Tuesday, February 16, 2010

Existential Themes in the Red Book

The relationship between Jung and existential and humanistic thought has often been noted in passing, but seldom articulated in any detail. We have already seen (this blog: Jung on Death, December 1, 2009) the strong affinity between Jung’s Red Book views on “living towards death” and similar views put forth by Martin Heidegger in the 1920s. Here I will discuss Jung’s existential views on personal authenticity and freedom. Over a quarter of a century ago Walter A Shelburne (Journal of Religion and Health 22:1) noted the similarities between Jung’s conception of individuation and the ideal of “authenticity” as it appears in the writings of Jean Paul Sartre. Shelburne pointed out that in spite of significant differences both individuation and authenticity involve a call to the individual’s inner resources, creativity and freedom and the overcoming of self-deception in the service of achieving a meaningful existence.

In the Red Book, Jung is adamant that the individual should not follow a personal or spiritual model but should instead assumes personal responsibility for his or her own life:

“If you live according to an example, you thus live the life of that example, but who should live your own life if not yourself? So live yourselves” (231).

“The image of the hero was set up…through the appetite for imitation. Therefore the hero was murdered, since we all have been aping him” (249).

While Jung’s views on personal responsibility will later be tempered by his concept of the archetypes of the collective unconscious, in the Red Book he suggests that the individual and not the collective archetypes is the source of life’s meaning: “The meaning of events comes from the possibility of life in this world that you create. It is a mastery of this world and the assertion of your soul in this world” (239).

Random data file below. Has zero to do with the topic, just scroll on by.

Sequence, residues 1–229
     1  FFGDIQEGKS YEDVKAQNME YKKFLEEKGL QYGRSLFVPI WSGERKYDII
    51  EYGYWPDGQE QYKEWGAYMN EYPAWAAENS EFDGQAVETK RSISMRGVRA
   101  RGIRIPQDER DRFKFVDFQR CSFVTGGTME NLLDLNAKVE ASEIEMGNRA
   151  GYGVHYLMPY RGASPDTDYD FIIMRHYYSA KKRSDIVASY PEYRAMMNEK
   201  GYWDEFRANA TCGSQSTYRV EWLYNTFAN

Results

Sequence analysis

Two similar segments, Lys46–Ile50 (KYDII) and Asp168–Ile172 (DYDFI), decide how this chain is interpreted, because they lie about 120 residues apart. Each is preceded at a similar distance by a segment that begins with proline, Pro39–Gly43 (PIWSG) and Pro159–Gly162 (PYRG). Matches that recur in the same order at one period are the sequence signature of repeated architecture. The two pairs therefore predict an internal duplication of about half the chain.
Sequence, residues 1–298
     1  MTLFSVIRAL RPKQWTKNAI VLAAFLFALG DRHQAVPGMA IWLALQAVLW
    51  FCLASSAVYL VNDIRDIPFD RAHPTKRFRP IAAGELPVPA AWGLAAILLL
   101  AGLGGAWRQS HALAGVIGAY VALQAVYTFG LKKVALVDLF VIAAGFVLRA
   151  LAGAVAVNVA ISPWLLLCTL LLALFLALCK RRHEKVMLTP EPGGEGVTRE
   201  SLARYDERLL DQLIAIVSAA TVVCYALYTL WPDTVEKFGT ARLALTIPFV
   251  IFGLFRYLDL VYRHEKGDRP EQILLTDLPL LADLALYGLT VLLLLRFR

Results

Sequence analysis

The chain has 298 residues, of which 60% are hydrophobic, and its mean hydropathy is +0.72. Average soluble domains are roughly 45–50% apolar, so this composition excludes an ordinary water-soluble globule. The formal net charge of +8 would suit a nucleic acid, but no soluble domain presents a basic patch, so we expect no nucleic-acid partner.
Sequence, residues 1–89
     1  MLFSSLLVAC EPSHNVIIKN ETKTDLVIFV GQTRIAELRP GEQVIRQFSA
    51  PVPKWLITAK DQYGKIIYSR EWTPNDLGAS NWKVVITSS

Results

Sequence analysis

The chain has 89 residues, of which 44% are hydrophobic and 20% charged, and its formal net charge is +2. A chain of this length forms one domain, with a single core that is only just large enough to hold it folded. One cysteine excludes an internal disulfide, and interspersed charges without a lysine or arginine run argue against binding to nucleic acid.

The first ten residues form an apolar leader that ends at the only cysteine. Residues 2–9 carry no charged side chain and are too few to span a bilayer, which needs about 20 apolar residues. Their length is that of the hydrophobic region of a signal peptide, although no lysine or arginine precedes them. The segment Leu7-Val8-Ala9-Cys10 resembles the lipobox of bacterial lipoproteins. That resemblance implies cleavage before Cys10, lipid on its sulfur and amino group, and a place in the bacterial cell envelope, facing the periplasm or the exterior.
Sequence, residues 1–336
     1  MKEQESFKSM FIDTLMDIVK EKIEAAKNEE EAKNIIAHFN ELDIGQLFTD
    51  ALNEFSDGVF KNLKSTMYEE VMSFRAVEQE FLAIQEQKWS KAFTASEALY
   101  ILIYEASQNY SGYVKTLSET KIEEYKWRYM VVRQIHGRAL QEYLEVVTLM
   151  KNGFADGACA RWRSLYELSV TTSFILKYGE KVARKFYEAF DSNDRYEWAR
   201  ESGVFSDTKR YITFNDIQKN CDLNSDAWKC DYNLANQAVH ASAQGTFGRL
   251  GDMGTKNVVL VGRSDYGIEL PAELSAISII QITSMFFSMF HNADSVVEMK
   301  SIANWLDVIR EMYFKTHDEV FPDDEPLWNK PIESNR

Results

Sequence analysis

“The time has come when each must do his own work of redemption. Mankind has grown older and a new month has begun” (356).

Interestingly, Jung suggests that the divine in instantiated in man precisely through a rejection of imitation and the assumption of individual freedom:

“The new God laughs at imitation and discipleship. He needs no imitators and no pupils. He forces men through himself. The God is his own follower in man. He imitates himself” (245).

The creation of personal meaning and the assumption of personal responsibility involves a descent into the shadow depths of one’s soul:

“you must become your own creator. If you want to create yourself , then you do not begin with the best and the highest, but with the worst and the deepest” (249-50).

“With fear and trembling, looking around yourselves with mistrust, go thus into the depths… (244).
The existential theme of authentically living all of one’s possibilities appears. Even death does not release one from this obligation

“You do not come to an end with your life, and the dead will besiege you terribly to live your unlived life” (308).

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